The Neptune-mass GJ 436b is one of the most-studied transiting exoplanets with repeated measurements of both its thermal emission and transmission spectra. We build on previous studies to answer outstanding questions about this planet, including its potentially high metallicity and tidal heating of its interior. We present new observations of GJ 436b’s thermal emission at 3.6 and 4.5 micron, which reduce uncertainties in estimates of GJ 436b’s flux at those wavelengths and demonstrate consistency between Spitzer observations spanning more than 7 years. We analyze the Spitzer thermal emission photometry and Hubble WFC3 transmission spectrum in tandem. We use a powerful dual-pronged modeling approach, comparing these data to both self-consistent and retrieval models. We vary the metallicity, intrinsic luminosity from tidal heating, disequilibrium chemistry, and heat redistribution. We also study the effect of clouds and photochemical hazes on the spectra, but do not find strong evidence for either. The self-consistent and retrieval modeling combine to suggest that GJ 436b has a high atmospheric metallicity, with best fits at or above several hundred times solar metallicity, tidal heating warming its interior with best-fit intrinsic effective effective temperatures around 300–350 K, and disequilibrium chemistry. High metal-enrichments (>600x solar) can only occur from the accretion of rocky, rather than icy, material. Assuming Tint~300–350 K, we find that Q’~2×10^5–10^6, larger than Neptune’s Q’, and implying a long tidal circularization timescale for the planet’s orbit. We suggest that Neptune-mass planets may be a more diverse class than previously imagined, with metal-enhancements potentially spanning several orders of magnitude, to perhaps over 1000x solar metallicity. High fidelity observations with instruments like JWST will be critical for characterizing this diversity.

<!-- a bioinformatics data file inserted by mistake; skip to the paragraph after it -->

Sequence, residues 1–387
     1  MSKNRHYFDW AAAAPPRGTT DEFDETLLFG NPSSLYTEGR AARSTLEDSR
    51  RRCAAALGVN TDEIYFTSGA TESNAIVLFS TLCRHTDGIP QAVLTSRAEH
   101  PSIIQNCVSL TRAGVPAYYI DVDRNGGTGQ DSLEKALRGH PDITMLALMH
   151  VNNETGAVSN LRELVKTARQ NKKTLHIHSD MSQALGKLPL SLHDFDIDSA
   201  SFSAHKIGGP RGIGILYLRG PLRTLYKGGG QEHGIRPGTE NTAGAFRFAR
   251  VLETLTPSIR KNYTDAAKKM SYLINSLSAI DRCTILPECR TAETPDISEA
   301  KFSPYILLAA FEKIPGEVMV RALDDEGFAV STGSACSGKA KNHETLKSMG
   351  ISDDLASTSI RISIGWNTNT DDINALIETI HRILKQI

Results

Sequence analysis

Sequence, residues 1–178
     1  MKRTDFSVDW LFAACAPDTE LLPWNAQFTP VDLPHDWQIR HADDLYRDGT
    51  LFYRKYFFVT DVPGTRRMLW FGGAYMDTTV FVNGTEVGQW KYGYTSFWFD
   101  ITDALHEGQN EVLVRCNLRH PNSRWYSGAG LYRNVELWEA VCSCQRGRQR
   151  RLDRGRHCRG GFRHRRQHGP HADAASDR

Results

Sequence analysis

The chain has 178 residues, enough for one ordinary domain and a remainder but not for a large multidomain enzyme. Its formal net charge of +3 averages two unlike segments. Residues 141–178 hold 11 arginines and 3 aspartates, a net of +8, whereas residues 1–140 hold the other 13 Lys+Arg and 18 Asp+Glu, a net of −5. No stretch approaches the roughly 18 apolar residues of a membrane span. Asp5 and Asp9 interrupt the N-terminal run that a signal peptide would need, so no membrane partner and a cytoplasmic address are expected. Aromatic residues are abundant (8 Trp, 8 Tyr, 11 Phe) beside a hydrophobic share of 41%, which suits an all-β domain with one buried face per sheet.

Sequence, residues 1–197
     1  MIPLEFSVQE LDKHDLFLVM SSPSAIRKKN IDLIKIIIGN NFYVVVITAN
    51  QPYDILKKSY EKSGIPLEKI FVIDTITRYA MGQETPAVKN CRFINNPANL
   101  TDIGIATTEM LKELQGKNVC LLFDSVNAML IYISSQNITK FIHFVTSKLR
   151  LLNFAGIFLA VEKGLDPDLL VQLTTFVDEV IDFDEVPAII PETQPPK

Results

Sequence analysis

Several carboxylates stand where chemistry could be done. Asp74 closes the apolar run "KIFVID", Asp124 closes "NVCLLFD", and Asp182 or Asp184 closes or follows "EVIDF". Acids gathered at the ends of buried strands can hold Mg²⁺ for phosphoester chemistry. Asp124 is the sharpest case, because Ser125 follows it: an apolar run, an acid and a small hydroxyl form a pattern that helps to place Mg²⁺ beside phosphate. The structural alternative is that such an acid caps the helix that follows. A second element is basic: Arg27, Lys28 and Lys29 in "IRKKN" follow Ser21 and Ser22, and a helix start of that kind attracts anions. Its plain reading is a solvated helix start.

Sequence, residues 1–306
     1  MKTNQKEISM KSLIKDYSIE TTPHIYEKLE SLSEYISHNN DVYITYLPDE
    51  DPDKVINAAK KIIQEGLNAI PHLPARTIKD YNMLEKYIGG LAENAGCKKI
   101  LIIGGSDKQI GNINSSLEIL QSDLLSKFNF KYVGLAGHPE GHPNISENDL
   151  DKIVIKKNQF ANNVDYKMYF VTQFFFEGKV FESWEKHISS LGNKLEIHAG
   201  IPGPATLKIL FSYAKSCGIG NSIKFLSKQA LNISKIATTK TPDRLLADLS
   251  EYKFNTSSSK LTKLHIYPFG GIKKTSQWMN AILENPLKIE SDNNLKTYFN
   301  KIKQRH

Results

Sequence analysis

C. Morley, H. Knutson, M. Line, et. al.
Wed, 26 Oct 16
Comments: 15 pages, 18 figures. Revised for publication in ApJ